Many of us know Rick Warren as the founding pastor at Saddleback church, author of “Purpose Driven Life,” and now the leader for a new initiative to help treat those with mental illness. Working with his local Roman Catholic Diocese and the National Alliance on Mental Illness (NAMI), his mission is to increase the awareness and remove the stigma that mental illness has in our churches and society at large.
Some might ask why work to raise awareness in churches about mental illness? Most people aren’t aware that “one in four adults or approximately 61.5 million Americans experience mental illness in a given year. One in 17, about 13.6 million, live with serious mental illness such as schizophrenia, major depression or bipolar disorder” (According to NAMI). Consequently, we can see that there is an enormous need to not only help with awareness but also the treatment of mental illness. Economic barriers, fears about medication and what others might think are a few reasons it might be difficult for people with mental illness to seek help.
Why the Church?
“More than 40 percent of Americans say that they attend church nearly every week” (according to New York Times). With that number 40% of Americans attending church, one of four church members suffer with a mental illness. People go to church to worship, to learn more about faith, fellowship with others and for help. Most Christians will go to church for help before, they seek out help from a mental health professional. This initiative certainly seems like an effective way to reach people who are coming to church anyway, and could receive help from people they already trust. Pastor Warren and his wife Kay have found success with this sort of grassroots initiative before with their HIV/AIDS initiative in Africa which involved training church members to deliver care. They plan to do something similar now: to set up groups within churches to deal with mental illness crises, treatment, and ongoing care for those with severe mental illness.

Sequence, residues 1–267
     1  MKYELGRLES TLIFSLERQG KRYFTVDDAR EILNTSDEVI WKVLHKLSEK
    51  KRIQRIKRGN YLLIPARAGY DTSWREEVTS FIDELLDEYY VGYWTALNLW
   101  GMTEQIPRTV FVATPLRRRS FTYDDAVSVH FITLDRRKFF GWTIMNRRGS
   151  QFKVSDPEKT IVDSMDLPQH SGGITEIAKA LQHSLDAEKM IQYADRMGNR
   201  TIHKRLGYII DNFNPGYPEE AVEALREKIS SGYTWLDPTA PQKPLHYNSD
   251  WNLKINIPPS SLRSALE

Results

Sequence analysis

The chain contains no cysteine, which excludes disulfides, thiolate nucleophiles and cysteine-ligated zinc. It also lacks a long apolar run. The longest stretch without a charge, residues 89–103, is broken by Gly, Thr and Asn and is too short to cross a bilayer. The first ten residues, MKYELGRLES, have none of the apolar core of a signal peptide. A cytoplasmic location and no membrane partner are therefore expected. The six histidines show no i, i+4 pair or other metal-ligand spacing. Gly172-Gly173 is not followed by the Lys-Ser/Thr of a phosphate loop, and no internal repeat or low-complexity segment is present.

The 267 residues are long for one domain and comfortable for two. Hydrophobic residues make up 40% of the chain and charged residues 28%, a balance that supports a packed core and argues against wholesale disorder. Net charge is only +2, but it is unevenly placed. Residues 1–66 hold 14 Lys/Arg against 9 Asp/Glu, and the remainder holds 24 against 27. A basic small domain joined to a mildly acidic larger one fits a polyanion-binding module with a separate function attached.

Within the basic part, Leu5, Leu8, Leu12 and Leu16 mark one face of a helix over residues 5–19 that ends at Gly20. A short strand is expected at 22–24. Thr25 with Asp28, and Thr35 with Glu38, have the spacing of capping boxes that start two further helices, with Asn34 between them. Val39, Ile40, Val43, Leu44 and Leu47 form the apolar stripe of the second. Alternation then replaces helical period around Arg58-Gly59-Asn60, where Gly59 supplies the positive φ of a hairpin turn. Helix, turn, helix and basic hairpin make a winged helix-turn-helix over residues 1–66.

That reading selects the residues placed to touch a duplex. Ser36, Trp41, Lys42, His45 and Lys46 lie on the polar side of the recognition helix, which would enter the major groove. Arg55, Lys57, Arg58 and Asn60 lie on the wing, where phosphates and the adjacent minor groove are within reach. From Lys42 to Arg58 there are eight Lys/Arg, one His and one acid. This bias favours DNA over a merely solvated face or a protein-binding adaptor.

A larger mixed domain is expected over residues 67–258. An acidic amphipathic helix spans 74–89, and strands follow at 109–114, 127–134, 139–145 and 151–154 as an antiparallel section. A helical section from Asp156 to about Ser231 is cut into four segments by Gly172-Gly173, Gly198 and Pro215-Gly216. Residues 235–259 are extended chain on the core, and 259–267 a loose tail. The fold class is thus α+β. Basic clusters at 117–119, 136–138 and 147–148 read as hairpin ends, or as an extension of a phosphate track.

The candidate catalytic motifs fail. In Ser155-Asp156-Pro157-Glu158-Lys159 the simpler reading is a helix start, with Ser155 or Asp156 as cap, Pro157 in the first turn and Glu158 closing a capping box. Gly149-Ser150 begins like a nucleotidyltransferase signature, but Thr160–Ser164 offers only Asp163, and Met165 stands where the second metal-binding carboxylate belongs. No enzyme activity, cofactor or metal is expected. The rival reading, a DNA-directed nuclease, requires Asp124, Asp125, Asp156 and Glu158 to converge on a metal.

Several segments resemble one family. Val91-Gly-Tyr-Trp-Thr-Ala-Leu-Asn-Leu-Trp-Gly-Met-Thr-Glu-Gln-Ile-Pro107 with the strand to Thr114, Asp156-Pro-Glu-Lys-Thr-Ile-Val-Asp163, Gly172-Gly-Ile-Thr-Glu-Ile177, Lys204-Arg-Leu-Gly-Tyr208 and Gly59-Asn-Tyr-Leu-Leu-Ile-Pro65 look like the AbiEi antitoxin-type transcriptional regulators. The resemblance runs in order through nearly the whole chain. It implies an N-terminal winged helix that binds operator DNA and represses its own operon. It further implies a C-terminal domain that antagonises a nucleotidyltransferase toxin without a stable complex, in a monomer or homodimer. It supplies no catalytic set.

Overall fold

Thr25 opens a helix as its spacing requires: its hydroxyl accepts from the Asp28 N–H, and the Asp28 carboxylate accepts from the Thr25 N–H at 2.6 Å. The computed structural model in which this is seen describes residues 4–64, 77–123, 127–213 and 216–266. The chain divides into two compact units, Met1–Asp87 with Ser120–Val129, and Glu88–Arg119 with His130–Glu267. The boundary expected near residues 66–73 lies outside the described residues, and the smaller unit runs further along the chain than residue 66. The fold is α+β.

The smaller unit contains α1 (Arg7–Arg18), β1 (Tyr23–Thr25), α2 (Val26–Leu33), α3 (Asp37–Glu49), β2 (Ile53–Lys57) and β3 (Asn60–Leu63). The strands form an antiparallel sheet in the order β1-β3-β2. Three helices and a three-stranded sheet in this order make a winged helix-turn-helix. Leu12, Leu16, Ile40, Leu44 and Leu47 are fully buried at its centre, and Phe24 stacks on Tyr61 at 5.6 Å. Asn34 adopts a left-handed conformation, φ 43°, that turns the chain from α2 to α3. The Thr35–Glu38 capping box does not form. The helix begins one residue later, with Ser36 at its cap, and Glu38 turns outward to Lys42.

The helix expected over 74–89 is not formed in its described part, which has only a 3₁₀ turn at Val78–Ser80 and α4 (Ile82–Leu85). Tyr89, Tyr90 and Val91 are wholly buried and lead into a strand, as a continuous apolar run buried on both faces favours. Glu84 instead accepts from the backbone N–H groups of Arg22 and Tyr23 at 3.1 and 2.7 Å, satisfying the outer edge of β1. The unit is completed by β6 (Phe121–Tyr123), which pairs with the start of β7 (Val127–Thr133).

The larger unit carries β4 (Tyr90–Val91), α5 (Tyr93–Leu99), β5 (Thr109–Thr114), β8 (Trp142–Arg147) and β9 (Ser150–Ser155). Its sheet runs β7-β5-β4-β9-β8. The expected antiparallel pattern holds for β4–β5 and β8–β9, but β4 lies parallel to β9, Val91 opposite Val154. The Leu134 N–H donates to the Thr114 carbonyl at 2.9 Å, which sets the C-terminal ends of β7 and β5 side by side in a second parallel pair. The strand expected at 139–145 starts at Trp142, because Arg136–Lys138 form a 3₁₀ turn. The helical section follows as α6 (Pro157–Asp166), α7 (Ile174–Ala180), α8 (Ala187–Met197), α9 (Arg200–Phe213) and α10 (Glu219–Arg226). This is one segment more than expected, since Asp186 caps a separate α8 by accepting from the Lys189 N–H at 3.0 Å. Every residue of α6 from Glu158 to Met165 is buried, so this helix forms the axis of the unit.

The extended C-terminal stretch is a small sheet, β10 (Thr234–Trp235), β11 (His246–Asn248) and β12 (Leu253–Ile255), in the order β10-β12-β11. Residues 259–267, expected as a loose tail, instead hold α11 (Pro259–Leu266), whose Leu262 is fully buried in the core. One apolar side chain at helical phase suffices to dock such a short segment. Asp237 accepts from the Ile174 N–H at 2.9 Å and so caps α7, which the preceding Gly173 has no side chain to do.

I once heard a pastor say that more people will come see you in the hospital if you have a physical illness vs. a mental illness. After you get out of hospital more people will check up on you if you have a physical illness. We need to help people understand that a person who has depression is no different than a person who has diabetes. Medication and help is available to treat the problem.
In Matthew 9:1-2 (NIV) we see love, friendship, and support for the man who as an illness. “Jesus stepped into a boat, crossed over and came to his own town. 2 Some men brought to him a paralyzed man, lying on a mat. When Jesus saw their faith, he said to the man, “Take heart, son; your sins are forgiven.” We see in the scripture that the man lying on the mat was paralyzed and cannot do anything about it. Men carried him and didn’t walk away from him because of his illness. Rather, they embraced the man’s illness and carried him to help. Can this same concept of helping people with mental illness be used today?
The Warrens are making it their mission to bring those with mental illness out from the shadows and show them a path to treatment and a healthy life.